Curators Darrick Borowski and Rik Ekstrom will present research, explorations, and the resulting insights from the first two years of their ongoing design/research project,.
   New York City, NY; NYC
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Tue, Jan 25
7:30 pm

Free
Lectures, January 25, 2022, 01/25/2022, An Infrastructure for Restorative Justice (online)

Book Discussion | Speculative Communities: Living with Uncertainty in a Financialized World by Aris Komporozos-Athanasiou (online)


A roundtable on the new book that examines the ways that speculation has moved beyond financial markets to shape fundamental aspects of our social and political lives. As ordinary people make exceptional decisions, such as the American election of a populist demagogue or the British vote to leave the European Union, they are moving from time-honored and tested practices of governance, toward the speculative promise of a new, more uncertain future. This book shows how even our methods of community building have shifted to the speculative realm as social media platforms enable and amplify our volatile wagers. Speakers will include Arjun Appadurai (New York University), Melinda Cooper (Australian National University), and Jamieson Webster (psychoanalyst), with moderation by Julia Ott (The New School).
   New York City, NY; NYC
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Wed, Jan 26
11:00 am

Free
Book Discussions, January 26, 2022, 01/26/2022, Speculative Communities: Living with Uncertainty in a Financialized World by Aris Komporozos-Athanasiou (online)

Gallery Talk | The Push Pin Legacy: Curator's Tour (online)


This tour will explore the incredible impact Push Pin Studios had on the resurgence and evolution of American commercial illustration. Learn the origins of the iconic design studio and see many of the works that launched the careers of design legends such as Seymour Chwast, Edward Sorel, Paul Davis, and many more. Questions strongly encouraged.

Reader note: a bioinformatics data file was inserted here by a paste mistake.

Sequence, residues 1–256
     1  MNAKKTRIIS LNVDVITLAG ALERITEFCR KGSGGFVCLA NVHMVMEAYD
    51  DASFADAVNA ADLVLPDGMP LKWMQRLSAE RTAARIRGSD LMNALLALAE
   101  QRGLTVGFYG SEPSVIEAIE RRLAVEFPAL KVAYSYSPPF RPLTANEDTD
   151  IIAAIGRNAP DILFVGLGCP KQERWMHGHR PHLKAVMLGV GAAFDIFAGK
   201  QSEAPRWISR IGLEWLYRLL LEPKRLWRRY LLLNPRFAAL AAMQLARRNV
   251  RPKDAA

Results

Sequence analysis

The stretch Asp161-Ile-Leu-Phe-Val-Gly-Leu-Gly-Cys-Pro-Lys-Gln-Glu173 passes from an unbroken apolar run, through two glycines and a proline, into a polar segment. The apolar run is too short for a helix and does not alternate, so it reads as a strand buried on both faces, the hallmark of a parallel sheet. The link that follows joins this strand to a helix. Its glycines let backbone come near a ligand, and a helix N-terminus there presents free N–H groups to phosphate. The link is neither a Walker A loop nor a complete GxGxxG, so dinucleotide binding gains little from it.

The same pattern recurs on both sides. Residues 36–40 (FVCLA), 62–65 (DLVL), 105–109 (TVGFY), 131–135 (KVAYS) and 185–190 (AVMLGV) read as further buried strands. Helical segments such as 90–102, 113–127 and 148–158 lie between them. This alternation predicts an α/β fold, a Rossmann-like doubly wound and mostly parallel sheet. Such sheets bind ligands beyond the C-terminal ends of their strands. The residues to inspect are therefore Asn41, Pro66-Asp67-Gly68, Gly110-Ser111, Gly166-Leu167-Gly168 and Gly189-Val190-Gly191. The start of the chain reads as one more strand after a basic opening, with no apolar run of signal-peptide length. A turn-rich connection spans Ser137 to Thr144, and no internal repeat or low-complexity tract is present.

New York City, NY; NYC
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Wed, Jan 26
6:00 pm

Free
Gallery Talks, January 26, 2022, 01/26/2022, The Push Pin Legacy: Curator's Tour (online)

Discussion | A Breathtaking Challenge: Charting the Course for Cleaner Air (online)


It’s among the top five of health dangers, and it’s everywhere. Air pollution. According to global health experts, poor air quality causes premature mortality in up to nine million people every year. One third of deaths from stroke, lung cancer, and heart disease are caused by microscopic pollutants in the air that can infiltrate our respiratory and circulatory system, damaging our lungs, heart, and brain. Two of the school’s world-renowned atmospheric scientists discuss an exciting interdisciplinary project aimed to better understand this threat and help move global policies to clear the air and protect public health.
   New York City, NY; NYC
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Wed, Jan 26
6:00 pm

Free
Discussions, January 26, 2022, 01/26/2022, A Breathtaking Challenge: Charting the Course for Cleaner Air (online)

Talk | On Imagining New Futures (online)


Kamal Sinclair is making the world more beautiful as the Executive System Co-Leader of the Guild of Future Architects. At its core, future architecture is a values-based, collaborative approach to actualizing systemic change. Join us for a conversation with Kamal on how we can get to work building the world we want to live in. She will discuss the art and practice of future architecture and the potential for transformational impact to advance justice, inclusion and shared prosperity.
   New York City, NY; NYC
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Wed, Jan 26
6:00 pm

Free
Talks, January 26, 2022, 01/26/2022, On Imagining New Futures (online)

Talk | On Imagining New Futures: Future Architecture (online)


Kamal Sinclair is making the world more beautiful as the Executive System Co-Leader of the Guild of Future Architects. At its core, future architecture is a values-based, collaborative approach to actualizing systemic change. This conversation will focus on how we can get to work building the world we want to live in. She will discuss the art and practice of future architecture and the potential for transformational impact to advance justice, inclusion and shared prosperity.